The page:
By Gene Stanley/Sports Correspondent
Never one to bask in the limelight, Mike Estes was quick to deflect some of the glory to others concerning his recent induction into the Alabama High School Sports Hall of Fame.
“It’s a great honor,” the former Hokes Bluff baseball coach said. “But that’s not something you shoot for. You just go about your business and if you get honored, so be it.”
Estes, who along with 11 other inductees was honored at the induction banquet on Mar. 18, estimated the size of the crowd was at or close to 1,000 people.
When it comes to baseball, there are very few coaches on par with Estes. He finished a 34-year career with some impressive statistics.
Estes’ teams compiled a 606-299 record that included nine state championships, two state runner-up teams and three state semifinalists.
Doing the math, that includes 14 teams that made it to at least the final four in their classification.
Estes is already a member of the Etowah County Sports Hall of Fame and the Alabama Baseball Coaches Association Hall of Fame.
Other honors for Estes include the National Federation of High Schools 2005 Baseball Coach of the Year, the 2005 Alabama High School Athletic Association’s Award of Merit and the Sammy Dunn Memorial Award in 2008.
Again, Estes deflected the attention to others.
“As far as coaching, it was a three-way split,” he said. “Coach (David ‘Stump’) Wright and Steve Shields were invaluable. There’s not a better pitching coach in the state than Shields. His coaching the pitchers kept me from having to do it, and I’m not very good at that aspect.”
As for Shields, he makes it known quickly that Estes deserves every award he’s been given.
“You’d be hard-pressed to find a coach who put more effort into the game,” Shields said. “Whatever it took, he did it. And that’s a large part of why he was so successful.”
Estes started for three years on the Hokes Bluff baseball team, then played for Jacksonville State University. He was hired as a math teacher at Hokes Bluff in the fall of 1974 and the spring of the same scholastic year, was given the baseball coaching job.
“When I was getting ready to start college, my parents told me I should become a teacher,” Estes said. “I wanted to be an engineer, to earn more money. But that didn’t work out, as I was better at math than at engineering.”
Estes said he was watching a Hokes Bluff High baseball game during his senior year at JSU when Ray Campbell, the school’s principal at the time, told him that there might be a math job opening the next year. Things fell into place, and Estes was hired not long after graduating.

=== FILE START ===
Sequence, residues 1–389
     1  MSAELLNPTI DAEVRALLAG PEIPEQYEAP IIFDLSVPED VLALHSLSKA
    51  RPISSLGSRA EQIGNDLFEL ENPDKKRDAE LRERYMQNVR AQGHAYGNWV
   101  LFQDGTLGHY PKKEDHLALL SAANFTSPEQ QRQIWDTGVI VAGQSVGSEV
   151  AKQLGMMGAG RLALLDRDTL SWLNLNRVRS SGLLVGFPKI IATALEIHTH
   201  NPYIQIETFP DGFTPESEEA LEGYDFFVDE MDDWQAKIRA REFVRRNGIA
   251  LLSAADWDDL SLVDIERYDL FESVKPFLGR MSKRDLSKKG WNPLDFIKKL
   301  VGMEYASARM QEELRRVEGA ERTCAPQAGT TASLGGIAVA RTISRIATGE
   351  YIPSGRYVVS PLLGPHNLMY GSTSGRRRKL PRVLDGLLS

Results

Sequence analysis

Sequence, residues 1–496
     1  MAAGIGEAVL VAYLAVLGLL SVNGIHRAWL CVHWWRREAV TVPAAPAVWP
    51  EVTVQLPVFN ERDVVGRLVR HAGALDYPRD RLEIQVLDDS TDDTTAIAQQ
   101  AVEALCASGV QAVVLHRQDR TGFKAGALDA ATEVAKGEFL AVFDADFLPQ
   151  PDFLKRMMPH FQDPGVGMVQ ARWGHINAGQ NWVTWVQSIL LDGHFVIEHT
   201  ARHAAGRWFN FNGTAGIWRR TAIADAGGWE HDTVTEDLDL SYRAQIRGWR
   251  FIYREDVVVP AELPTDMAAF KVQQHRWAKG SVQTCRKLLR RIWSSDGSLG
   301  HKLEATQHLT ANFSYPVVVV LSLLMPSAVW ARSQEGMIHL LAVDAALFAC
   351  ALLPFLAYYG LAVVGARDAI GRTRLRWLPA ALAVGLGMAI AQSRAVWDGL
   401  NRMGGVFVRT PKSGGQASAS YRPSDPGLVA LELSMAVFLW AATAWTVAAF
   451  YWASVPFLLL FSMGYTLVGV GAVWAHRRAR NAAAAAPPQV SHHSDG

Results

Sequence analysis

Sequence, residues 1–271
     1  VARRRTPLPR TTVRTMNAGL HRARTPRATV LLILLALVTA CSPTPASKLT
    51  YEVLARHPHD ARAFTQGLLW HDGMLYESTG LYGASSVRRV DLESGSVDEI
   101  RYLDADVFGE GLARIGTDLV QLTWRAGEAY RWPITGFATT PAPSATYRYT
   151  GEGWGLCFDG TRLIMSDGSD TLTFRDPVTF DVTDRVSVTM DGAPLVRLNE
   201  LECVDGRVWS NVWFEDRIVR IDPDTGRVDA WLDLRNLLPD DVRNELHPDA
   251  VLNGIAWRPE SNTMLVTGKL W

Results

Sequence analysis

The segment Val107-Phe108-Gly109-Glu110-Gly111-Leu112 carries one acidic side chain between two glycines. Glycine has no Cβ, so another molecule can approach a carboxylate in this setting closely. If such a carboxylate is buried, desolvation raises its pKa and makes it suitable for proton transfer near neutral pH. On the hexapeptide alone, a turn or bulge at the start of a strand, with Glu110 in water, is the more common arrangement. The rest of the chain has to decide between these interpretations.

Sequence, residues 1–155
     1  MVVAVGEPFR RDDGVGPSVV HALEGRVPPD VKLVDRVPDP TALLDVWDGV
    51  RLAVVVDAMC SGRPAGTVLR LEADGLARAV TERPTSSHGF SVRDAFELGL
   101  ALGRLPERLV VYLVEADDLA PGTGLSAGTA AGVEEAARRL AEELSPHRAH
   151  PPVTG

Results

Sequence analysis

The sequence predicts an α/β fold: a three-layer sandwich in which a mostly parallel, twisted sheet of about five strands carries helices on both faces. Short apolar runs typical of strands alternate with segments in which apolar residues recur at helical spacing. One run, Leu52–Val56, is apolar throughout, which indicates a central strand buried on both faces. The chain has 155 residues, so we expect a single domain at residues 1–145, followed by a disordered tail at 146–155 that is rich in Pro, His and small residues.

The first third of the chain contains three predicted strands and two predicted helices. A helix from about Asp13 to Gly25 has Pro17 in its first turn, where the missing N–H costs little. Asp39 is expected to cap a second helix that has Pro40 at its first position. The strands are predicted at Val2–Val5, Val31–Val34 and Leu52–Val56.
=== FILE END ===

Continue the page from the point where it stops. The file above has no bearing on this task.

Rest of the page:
“I never planned to coach anything,” he said. “But in those days, almost every male teacher coached something. That fall and winter, I helped with a couple of junior high teams. Then they asked me if I wanted to coach baseball, and I told them I’d give it a try.”
Wright was hired midway through that school year, and a lasting duo was formed. Wright coached with Estes throughout, with the exception of three years when he helped at Pleasant Valley High because his son was a player there.
Shields pitched on the program’s first three state championship teams in 1975, ‘76 and ‘77.
Following his high school career, Shields was drafted by the Atlanta Braves and wound up playing six seasons for five major league different teams before coming on board Estes’ coaching staff.
“(Estes) was always there for his players,” Shields said. “He would jump them for mistakes, but he was their biggest advocate if they were in the right. Everyone knew where he stood and the kids bought into that and into his baseball theories.”
Any coach would love to be able to say he started his career with three straight state titles and ended it with six consecutive championships – and that is Estes’ legacy.
The Eagles won state crowns from 2003-08. Estes retired following the ‘08 season.
Estes also credited the five principals he worked for over the years. Following Campbell, Roger Porter led the school. Mike Bailey, John Serafini and Jeff Lasseter were all very supportive of the athletic programs and Estes said that all three were “great to work for. You couldn’t ask for better principals.”
The community also got a nod, as Estes said he never had a problem getting community support.
Estes never lost his love of the game. He pitched every pitch of batting practice, right up until the end.
“If you didn’t know him, you wouldn’t be able to tell if he had been out there for 34 years or if this was his first or second season,” Shields said. “Because of the excitement he brought to the field, a whole lot of it rubbed off on the players. They saw him having fun, so they had fun.”
“Coach Estes is able to identify the type of person a player is and work with it,” said Nick Wheeler, who graduated in 2005 and went on to play at West Alabama after playing two years at Itawamba (Miss.) Community College. “He can make that work for the player and he really make a team play united. He’s as much of a friend as a coach, on and off the field. I feel so lucky to have played for him.”
“He fits his personality to the team,” said Tyler Stovall, who was a two-time Class 3A Player of the Year and won the Mr. Baseball award as a senior before being drafted by the Atlanta Braves. “Each team has a little different personality – either a lot of jokers, a laidback team or some real serious types. Coach Estes can pinpoint that personality and work off of it.”